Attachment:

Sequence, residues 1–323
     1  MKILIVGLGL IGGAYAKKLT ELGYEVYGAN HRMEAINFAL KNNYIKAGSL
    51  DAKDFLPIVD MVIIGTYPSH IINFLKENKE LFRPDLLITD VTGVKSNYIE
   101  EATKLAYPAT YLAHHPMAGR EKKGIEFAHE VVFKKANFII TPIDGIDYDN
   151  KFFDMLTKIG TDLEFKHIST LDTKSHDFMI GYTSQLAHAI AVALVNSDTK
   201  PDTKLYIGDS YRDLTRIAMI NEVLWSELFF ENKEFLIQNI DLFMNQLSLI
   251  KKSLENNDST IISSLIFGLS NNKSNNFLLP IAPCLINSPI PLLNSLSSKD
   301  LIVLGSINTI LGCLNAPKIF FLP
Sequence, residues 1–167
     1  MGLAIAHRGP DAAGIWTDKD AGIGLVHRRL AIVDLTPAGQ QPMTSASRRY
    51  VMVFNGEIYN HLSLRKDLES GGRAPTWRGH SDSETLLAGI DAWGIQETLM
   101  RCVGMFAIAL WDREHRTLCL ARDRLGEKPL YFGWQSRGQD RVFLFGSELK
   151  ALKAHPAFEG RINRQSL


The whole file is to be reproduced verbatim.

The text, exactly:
Sequence, residues 1–323
     1  MKILIVGLGL IGGAYAKKLT ELGYEVYGAN HRMEAINFAL KNNYIKAGSL
    51  DAKDFLPIVD MVIIGTYPSH IINFLKENKE LFRPDLLITD VTGVKSNYIE
   101  EATKLAYPAT YLAHHPMAGR EKKGIEFAHE VVFKKANFII TPIDGIDYDN
   151  KFFDMLTKIG TDLEFKHIST LDTKSHDFMI GYTSQLAHAI AVALVNSDTK
   201  PDTKLYIGDS YRDLTRIAMI NEVLWSELFF ENKEFLIQNI DLFMNQLSLI
   251  KKSLENNDST IISSLIFGLS NNKSNNFLLP IAPCLINSPI PLLNSLSSKD
   301  LIVLGSINTI LGCLNAPKIF FLP
Sequence, residues 1–167
     1  MGLAIAHRGP DAAGIWTDKD AGIGLVHRRL AIVDLTPAGQ QPMTSASRRY
    51  VMVFNGEIYN HLSLRKDLES GGRAPTWRGH SDSETLLAGI DAWGIQETLM
   101  RCVGMFAIAL WDREHRTLCL ARDRLGEKPL YFGWQSRGQD RVFLFGSELK
   151  ALKAHPAFEG RINRQSL